Netanyahu rebuffs Obama's borders proposal
Israeli Prime Minister Benjamin Netanyahu on Friday flatly rejected US President Barack Obama's call for the creation of a Palestinian state based roughly on 1967 borders, dpa reported.
Netanyahu, sitting beside Obama one day after the American president made the proposal in a major foreign policy address on the region, said that any peace deal will have to be centred on "reality" and on "unshakeable facts."
"While Israel is prepared to make generous compromises for peace, it cannot go back to the 1967 lines, because these lines are indefensible," Netanyahu said. "They don't take into account certain changes that have taken place on the ground, demographic changes that have taken place over the last 44 years."
Netanyahu's strong rejection of Obama's plan to use the border that existed prior to the Six Day War as a basis - with land swaps - for drawing up a Palestinian state came moments after Obama acknowledged there were differences between the two leaders.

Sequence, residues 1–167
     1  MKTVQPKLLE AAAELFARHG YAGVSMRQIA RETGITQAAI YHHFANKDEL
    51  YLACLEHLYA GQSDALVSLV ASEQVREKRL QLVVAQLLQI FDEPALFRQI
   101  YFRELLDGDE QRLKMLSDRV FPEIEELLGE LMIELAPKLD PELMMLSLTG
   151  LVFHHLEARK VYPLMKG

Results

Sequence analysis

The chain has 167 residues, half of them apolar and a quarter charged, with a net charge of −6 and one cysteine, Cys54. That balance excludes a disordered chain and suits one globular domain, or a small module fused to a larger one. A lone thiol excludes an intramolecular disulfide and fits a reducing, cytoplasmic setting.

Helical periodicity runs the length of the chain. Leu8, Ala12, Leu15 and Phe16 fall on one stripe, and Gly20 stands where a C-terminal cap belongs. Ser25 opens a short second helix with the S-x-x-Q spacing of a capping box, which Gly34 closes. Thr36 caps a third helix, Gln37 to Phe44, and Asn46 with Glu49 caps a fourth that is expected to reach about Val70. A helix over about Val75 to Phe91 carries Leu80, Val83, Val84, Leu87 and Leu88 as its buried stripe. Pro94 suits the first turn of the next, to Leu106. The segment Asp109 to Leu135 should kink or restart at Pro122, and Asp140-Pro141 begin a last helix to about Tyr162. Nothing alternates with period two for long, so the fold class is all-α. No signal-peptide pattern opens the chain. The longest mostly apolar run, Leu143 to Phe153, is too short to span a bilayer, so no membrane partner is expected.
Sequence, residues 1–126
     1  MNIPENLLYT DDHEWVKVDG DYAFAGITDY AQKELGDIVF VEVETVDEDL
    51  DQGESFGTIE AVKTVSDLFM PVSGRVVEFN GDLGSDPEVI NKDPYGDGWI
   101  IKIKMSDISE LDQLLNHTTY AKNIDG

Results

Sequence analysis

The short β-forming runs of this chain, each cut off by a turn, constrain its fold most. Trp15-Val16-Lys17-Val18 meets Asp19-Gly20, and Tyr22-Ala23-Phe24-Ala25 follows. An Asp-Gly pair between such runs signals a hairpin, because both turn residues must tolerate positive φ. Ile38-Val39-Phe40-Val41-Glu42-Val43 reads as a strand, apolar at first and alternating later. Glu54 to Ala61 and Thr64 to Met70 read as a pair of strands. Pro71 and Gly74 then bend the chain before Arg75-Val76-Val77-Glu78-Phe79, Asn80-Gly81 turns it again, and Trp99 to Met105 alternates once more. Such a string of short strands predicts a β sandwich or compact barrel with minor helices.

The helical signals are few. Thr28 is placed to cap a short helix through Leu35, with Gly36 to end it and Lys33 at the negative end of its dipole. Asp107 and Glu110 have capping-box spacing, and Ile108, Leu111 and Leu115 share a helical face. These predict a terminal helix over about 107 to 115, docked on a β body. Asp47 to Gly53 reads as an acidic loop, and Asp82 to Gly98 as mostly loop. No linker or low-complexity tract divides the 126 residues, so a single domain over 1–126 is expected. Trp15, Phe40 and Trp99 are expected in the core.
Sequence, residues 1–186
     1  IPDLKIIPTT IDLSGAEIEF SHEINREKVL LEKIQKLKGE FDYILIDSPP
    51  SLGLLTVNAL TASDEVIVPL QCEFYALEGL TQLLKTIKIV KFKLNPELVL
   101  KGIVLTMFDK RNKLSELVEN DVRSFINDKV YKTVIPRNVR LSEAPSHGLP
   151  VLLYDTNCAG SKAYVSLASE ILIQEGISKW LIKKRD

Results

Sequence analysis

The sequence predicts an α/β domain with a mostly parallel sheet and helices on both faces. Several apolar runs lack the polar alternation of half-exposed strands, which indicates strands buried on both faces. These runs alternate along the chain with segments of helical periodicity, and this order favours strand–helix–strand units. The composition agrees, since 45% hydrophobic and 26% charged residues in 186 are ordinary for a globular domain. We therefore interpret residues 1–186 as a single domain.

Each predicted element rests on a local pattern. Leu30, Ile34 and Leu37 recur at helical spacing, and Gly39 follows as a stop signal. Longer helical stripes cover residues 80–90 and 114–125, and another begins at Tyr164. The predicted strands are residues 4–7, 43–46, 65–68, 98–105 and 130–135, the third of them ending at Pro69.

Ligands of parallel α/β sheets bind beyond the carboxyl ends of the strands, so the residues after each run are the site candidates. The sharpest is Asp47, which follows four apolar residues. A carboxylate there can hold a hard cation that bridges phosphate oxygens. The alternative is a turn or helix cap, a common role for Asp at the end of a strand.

"Obviously, there are some differences between us in the precise formulations and language, and that's going to happen between friends," Obama said.
The meeting between the leaders went much longer than had been planned. Obama and Netanyahu have long been at odds over how to proceed in now-stalled peace process, but those differences sharpened after Obama's speech, which drew a quick rebuke from the Israeli leader before he arrived in Washington.
Obama did not specifically mention the border issue during their appearance with reporters Friday, saying only that in the meeting "we discussed in depth the principles that I laid out yesterday."